- To finish with a Flying Geese which is 1 ½ x 3″, you need to cut small squares which are 2 ½” and large squares which are 4 ½” and then trim down the units afterwards to 2″ x 3 ½”
Making Four at a time
I wish I knew who had developed this method – its very clever!
If you start with one large square and four small squares, it makes four Flying Geese at a time.
The instructions are below – or you can watch me making Flying Geese units on this video:
Draw a diagonal line across the wrong side of all four small squares.
Place two of the small squares right sides down onto opposite corners of the large square, lined up with the edges – they will overlap just a little at the centre. Make sure that the drawn lines run from corner to corner of the large square.
Pin like this, a little away from the lines, so that you can keep the pins in place while you stitch.
Stitch ¼” away from both sides of the lines.
Then cut along the line.
Open out the flaps, and press with the seam in the direction indicated by the pattern.
Here, it is pressed towards the small triangle, even though this is behind the lighter fabric.
You may be worried that this breaks a rule about always pressing behind the darker fabric, but it means that when this unit is combined into the block, it will meet other diagonal seams pressed in the opposite direction. This will reduce bulk, and give perfect points.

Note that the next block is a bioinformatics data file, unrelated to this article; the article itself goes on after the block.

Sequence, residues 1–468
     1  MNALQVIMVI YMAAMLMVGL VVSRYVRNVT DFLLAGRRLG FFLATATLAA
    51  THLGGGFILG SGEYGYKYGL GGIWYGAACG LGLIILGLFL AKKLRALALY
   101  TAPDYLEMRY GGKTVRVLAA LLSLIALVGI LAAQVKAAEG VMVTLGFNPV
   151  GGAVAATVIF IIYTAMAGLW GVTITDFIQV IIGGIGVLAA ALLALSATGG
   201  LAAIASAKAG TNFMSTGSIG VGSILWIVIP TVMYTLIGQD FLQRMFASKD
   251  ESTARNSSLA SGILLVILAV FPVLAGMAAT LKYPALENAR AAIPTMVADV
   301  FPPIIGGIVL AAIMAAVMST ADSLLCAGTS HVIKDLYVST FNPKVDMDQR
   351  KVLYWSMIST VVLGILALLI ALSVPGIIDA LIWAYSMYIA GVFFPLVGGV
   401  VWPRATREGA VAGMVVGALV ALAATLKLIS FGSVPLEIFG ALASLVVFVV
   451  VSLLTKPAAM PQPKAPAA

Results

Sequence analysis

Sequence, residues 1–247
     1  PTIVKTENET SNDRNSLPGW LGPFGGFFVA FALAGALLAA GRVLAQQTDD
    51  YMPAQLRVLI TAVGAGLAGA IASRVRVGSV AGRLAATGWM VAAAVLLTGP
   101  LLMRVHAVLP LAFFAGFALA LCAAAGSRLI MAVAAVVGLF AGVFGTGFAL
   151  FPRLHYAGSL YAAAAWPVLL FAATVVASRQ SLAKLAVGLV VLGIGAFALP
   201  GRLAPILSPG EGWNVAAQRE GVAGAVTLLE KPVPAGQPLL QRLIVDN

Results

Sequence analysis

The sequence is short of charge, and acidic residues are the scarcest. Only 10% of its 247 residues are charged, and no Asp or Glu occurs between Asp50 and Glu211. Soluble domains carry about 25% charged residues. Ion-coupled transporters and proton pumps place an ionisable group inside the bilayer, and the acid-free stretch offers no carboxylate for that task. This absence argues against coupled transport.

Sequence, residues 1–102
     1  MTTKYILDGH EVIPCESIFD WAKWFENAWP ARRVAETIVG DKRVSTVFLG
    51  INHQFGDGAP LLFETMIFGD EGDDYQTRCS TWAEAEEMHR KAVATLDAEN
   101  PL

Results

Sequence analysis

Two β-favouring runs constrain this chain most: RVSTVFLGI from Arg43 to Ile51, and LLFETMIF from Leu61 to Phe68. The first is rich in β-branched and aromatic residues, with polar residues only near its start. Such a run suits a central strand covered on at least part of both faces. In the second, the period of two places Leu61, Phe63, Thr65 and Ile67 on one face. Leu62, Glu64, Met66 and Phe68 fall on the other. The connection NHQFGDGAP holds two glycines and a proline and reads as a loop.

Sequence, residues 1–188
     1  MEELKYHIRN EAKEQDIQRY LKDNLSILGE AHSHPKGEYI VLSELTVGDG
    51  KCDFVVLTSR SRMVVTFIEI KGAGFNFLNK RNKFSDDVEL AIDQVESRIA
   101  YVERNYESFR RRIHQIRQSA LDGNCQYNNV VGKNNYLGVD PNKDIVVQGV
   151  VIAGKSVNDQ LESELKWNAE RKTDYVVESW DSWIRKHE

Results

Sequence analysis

There is more about this in another of my blogs Pressing for Perfect Points if you are interested.
Now take the other two small squares, and place each of them right sides down onto the one of the strange shaped pieces you have. Make sure that the diagonal line comes from the corner of the large triangle to the middle, as shown here.
Pin and stitch ¼” away from each side of the line.
Cut along the line, open out the flaps, and press the seam towards the small triangle. This pressing direction ensures that the position of the triangle point will be visible when the units are assembled later.
You have now made four Flying Geese units!
Evening Star block
Once you have made these four Flying Geese units, you have done most of the work to make the easier block provided for this instalment: Evening Star. All it needs are some small squares for the corners, and a large one for the middle.